A chronic syndrome of heterogeneous aetiology characterized by multiple cognitive deficits that include severe memory impairment

The common feature of all the dementias is multiple cognitive deficits that include severe memory impairment, and at least one of the following cognitive disturbances: aphasia (deterioration of language function); apraxia (impaired ability to execute motor activities despite intact sensorimotor function); agnosia (failure to identify objects despite intact sensory function); or disturbance in executive function (the ability to reason, "plan and execute complex behaviour) (DSM-IV 1994). Severe memory impairment in the absence of other cognitive disturbances is "amnesia. Hence demented patients suffer from amnesic disturbances, but 'global amnesics' with selective mediotemporal and telen-cephalic lesions are not demented. Dementia usually displays insidious onset and progressive exacerbation of symptoms. The dementias are differentiated on the basis of their aetiology (Fraser 1987; Edwards 1993; Knopman 1993; DSM-IV 1994; Larson and Imai 1996). The most prevalent (> 30%) is Alzheimer's disease (AD) (see below). Other prevalent causes of dementia are: cerebrovascular accidents (vascular or multi-infarct dementia, 15-20% of cases); chronic alcoholism; head trauma; Parkinson's disease; Huntington disease; Pick's disease; Creutzfeldt-Jacob disease; and complications of AIDS. The incidence of dementia increases with age. Estimates for the prevalence of dementia are 2-10% at >65 years of age, increasing to 20-40% at >80 years of age (Jorm et al. 1987; DSM-IV 1994; Price and Sisodia 1998). Dementias that become apparent at <65 years of age are termed 'early-onset'; those that become apparent later are 'late-onset' or 'senile'.

In many societies there is a remarkable shift toward extended life expectancy. Therefore, diseases of old age that were rarely encountered only a century ago are now becoming an epidemic. In 1900, less than 1% of the world's population was over 65 years of age, in 2000, it was already about 7%, and the predication for 2050 is 15-20% (Olshansky et al. 1993; Heilig 1997). The main concern is AD. Named after the physician who first described it (Alzheimer 1907), it typically starts with significant recurrent lapses of "episodic ("declarative) and "prospective memory. At first impaired encoding is possibly more significant than increased "forgetting (Granholm and Butters 1988), and "metamemory is relatively spared (Moulin et al. 2000). The disease progresses to severe global memory deficits accompanied by other cognitive and emotional disturbances, and culminates in dissolution of personality and inability to perform even the simplest of tasks (McKhann et al. 1984; DSM-IV 1994). AD destroys the "hippocampal formation, neo"cortex, basal forebrain, and additional brain organs and circuits. The affected brain displays two distinguishing pathologies: extracellular plaques and intracellular tangles. The plaques are extracellular deposits of aggregated insoluble fragments of proteins (peptides), called the P-amyloid peptides (APP). The ApPs are cleaved by enzymes, secretases, from the extracellular segment of a larger membrane protein, the amyloid precursor protein (APP), which normally plays a role in cell-cell and cell-matrix interactions. Tangles are intracellular deposits of hyperphosphorylated tau proteins, constituents of the cellular skeleton (Kosik 1994; Edelberg and Wei 1996).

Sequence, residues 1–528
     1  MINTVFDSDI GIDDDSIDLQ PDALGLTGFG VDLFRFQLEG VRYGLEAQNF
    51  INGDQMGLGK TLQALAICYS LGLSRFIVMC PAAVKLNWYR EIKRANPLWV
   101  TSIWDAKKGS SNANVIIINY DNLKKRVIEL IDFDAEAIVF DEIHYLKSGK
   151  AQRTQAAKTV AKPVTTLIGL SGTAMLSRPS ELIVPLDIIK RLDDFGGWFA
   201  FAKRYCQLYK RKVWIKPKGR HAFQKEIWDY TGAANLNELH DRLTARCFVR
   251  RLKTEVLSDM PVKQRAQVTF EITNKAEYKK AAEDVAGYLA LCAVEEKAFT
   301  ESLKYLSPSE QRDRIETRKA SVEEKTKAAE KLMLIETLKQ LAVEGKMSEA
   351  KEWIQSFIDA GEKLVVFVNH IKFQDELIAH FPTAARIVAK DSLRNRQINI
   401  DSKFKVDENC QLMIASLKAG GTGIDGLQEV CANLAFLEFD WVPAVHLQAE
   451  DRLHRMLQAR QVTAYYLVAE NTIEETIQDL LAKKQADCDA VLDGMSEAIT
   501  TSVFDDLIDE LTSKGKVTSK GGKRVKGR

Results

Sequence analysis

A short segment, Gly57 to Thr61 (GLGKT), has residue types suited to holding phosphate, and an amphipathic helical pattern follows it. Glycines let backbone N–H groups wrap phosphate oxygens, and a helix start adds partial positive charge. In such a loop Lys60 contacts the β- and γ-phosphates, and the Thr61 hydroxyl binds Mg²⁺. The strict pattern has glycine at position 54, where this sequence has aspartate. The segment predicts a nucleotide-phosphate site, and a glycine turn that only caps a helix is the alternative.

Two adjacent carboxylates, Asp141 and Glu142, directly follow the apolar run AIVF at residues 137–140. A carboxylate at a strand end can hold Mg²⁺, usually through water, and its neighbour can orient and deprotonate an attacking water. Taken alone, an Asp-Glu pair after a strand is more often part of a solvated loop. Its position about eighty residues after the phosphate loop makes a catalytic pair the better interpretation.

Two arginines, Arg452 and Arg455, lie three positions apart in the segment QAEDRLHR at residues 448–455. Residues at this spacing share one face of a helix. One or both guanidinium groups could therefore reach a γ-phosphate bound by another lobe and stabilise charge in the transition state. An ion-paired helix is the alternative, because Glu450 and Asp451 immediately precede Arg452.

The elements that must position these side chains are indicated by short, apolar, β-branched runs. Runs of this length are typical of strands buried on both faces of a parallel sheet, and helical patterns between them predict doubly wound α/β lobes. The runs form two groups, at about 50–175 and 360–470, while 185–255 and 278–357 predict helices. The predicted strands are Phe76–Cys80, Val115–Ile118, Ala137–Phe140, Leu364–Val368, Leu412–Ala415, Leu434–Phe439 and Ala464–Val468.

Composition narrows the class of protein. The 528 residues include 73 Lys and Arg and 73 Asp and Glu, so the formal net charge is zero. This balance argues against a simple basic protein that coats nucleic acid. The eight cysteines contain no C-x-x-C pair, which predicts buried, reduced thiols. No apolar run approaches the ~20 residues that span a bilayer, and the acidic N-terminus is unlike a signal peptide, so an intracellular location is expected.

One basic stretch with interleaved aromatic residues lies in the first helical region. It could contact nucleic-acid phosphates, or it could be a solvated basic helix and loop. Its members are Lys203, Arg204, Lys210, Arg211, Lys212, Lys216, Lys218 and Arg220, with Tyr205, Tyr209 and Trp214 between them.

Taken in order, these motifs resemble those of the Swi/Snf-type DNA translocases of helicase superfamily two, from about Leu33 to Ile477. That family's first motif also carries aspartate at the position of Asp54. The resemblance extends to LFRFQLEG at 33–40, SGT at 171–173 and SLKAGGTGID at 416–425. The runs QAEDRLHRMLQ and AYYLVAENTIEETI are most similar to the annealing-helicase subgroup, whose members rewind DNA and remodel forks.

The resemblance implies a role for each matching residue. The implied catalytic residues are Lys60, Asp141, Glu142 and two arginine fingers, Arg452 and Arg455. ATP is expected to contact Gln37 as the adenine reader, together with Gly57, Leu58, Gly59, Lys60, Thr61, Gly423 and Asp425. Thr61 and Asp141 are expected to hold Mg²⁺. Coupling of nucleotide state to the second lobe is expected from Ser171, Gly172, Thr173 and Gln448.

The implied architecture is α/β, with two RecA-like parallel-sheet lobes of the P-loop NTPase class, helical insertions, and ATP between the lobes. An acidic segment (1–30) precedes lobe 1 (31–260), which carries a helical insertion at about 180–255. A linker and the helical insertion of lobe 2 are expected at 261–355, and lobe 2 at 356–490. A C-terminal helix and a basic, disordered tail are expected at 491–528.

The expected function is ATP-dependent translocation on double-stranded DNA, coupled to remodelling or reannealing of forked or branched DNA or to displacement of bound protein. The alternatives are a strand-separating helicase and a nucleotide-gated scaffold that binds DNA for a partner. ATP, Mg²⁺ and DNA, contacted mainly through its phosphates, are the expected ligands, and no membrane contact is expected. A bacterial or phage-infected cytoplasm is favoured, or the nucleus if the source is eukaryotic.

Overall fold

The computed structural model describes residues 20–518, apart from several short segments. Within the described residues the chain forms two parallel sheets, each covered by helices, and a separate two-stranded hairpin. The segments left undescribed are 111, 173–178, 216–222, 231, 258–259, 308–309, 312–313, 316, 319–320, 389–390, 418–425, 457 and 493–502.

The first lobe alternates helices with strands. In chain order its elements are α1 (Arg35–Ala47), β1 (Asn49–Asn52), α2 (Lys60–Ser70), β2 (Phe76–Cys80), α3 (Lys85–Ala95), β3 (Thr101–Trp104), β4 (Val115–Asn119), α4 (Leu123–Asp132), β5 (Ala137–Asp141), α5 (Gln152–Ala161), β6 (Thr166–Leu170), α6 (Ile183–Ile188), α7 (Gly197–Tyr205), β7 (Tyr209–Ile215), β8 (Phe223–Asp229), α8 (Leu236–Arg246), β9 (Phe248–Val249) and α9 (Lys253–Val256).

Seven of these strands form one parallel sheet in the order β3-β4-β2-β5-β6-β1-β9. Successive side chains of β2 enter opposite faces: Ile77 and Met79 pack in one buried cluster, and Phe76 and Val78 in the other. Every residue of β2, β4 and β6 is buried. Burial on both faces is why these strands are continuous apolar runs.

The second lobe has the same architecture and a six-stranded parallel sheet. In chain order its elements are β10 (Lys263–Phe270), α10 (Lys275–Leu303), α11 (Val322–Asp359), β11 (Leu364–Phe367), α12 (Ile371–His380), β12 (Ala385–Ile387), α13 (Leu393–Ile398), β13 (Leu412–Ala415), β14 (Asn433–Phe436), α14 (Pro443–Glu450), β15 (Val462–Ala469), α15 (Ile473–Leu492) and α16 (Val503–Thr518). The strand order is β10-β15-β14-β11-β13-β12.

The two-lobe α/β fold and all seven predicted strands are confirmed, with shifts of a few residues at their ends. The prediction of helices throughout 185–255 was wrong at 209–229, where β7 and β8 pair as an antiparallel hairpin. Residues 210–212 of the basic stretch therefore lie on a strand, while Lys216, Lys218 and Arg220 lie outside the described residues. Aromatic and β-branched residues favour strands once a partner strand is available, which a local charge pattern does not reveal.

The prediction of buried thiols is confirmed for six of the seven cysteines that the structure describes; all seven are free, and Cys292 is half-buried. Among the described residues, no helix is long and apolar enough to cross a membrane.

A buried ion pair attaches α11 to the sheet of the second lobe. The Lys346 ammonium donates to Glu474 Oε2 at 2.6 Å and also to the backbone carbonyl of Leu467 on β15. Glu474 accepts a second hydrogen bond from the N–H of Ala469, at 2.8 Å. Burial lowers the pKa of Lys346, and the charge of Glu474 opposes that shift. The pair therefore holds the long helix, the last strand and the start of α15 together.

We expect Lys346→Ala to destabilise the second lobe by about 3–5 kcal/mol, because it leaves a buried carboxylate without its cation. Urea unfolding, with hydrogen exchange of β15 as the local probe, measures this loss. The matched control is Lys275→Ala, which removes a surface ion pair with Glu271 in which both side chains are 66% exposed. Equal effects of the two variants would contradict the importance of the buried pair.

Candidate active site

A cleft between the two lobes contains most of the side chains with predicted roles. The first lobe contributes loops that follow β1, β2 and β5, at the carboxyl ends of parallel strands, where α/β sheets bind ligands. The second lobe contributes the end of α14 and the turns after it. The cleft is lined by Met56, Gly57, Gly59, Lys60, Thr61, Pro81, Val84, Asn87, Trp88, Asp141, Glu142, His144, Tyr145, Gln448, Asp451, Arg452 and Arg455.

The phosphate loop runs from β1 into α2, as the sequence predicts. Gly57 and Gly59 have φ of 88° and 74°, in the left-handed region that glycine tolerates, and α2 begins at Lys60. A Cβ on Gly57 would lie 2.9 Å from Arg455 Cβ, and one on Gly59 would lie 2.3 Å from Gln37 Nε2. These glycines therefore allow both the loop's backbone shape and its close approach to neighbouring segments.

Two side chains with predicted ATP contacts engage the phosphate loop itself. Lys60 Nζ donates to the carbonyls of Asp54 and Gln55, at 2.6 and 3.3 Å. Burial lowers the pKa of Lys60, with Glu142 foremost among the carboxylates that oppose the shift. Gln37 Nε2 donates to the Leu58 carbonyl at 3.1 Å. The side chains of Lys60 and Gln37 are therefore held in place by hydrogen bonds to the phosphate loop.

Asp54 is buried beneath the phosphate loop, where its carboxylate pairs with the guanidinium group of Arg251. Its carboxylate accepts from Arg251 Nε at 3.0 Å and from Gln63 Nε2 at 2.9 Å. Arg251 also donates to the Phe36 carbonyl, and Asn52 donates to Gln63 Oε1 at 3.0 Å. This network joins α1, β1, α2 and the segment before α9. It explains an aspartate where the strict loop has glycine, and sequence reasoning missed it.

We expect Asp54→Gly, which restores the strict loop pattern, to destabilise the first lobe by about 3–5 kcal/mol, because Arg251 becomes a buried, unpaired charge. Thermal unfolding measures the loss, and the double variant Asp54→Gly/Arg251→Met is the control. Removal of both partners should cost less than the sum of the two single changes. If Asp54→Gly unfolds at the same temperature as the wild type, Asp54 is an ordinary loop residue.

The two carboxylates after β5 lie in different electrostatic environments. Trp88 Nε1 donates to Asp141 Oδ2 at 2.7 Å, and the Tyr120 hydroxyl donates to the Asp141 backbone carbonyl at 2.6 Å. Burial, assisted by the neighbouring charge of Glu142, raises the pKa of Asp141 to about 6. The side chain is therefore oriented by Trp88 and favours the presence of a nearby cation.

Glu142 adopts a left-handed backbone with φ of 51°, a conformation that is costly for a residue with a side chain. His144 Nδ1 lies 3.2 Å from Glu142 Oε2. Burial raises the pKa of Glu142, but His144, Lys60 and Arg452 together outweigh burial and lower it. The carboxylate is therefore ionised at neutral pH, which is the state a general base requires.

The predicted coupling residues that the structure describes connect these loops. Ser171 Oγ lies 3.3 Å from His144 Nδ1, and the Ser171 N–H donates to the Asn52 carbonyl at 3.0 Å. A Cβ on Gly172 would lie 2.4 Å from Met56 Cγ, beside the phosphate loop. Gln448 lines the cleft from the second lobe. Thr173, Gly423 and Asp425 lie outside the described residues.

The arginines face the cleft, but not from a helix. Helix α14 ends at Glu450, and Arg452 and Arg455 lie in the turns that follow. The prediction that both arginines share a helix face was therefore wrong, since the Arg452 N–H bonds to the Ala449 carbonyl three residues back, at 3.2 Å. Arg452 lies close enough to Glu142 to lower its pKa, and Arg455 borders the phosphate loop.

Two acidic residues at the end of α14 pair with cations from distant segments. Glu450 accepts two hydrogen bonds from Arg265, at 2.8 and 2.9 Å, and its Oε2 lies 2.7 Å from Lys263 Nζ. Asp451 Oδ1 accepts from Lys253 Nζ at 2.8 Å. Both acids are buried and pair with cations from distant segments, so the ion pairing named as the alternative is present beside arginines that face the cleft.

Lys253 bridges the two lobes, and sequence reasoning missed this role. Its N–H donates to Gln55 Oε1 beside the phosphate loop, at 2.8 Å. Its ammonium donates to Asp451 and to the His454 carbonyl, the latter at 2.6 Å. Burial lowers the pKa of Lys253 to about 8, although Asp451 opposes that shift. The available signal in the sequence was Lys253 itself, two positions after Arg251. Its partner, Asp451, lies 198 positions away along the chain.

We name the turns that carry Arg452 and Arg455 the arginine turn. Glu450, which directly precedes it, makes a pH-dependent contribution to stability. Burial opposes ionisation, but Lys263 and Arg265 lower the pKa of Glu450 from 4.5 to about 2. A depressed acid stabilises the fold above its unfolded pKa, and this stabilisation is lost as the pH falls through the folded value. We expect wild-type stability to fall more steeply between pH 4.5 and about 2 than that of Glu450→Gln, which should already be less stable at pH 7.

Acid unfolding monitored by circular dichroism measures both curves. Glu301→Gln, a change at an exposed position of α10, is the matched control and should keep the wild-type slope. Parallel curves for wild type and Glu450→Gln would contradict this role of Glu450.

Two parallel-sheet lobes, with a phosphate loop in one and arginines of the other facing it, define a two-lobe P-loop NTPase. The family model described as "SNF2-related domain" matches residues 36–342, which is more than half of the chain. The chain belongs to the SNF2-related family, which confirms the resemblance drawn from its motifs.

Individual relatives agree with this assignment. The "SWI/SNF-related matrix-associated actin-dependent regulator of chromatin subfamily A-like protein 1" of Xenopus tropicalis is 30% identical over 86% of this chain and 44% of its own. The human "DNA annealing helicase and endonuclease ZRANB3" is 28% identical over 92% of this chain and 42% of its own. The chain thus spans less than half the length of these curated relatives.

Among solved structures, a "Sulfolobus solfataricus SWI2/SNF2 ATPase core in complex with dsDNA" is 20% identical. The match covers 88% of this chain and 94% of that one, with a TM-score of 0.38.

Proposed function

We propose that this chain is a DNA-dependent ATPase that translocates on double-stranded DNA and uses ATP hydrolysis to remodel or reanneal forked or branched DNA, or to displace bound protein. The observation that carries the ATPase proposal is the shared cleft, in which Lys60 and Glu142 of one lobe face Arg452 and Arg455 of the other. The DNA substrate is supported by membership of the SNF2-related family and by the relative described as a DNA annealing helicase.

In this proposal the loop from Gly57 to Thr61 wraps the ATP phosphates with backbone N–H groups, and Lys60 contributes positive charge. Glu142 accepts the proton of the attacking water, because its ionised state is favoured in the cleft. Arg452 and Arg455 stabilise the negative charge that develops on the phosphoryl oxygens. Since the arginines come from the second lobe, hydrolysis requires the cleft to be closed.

We do not yet understand AD, but some candidate cellular clues are already available. One line of incriminating evidence points to the severe loss of cholinergic neurons (i.e. neurons that secret "acetylcholine) that is detected in the basal forebrain of AD patients (Bartus et al. 1982;McGeer et al. 1984). As acetylcholine is proposed to subserve widespread cognitive functions, the hypothesis was raised that cholinergic dysfunction is the cause of dementia. Furthermore, as there is some decline in cholinergic function even in normal ageing subjects, the suggestion was further made that all dementia, including modest, 'benign' senile dementia, result from cholinergic deficits; and that in AD, the number of cholinergic neurons is reduced below a threshold (<25%, McGeer et al. 1984) that is required for minimal cognitive function. This is 'the cholinergic hypothesis' of dementia. Drugs that increase the availability of acetylcholine in brain were introduced as cognitive boosters in early stages of AD, so far with modest success (Giacobini and McGeer 2000; also "nootropics). Actually, nicotine, an activator of some acetylcholine "receptors, may be the only real reason why smokers could justify their addiction (e.g. Di Carlo et al. 2000; but smokers should not feel good about it, because smoking reduces pulmonary function, depriving the brain of oxygen and impairing cognition; Emery et al. 1997). The beneficial impact of cholinergic activators on memory is possibly due to their effects on arousal, "attention, and "performance (Everitt and Robbins 1997), rather than memory per se.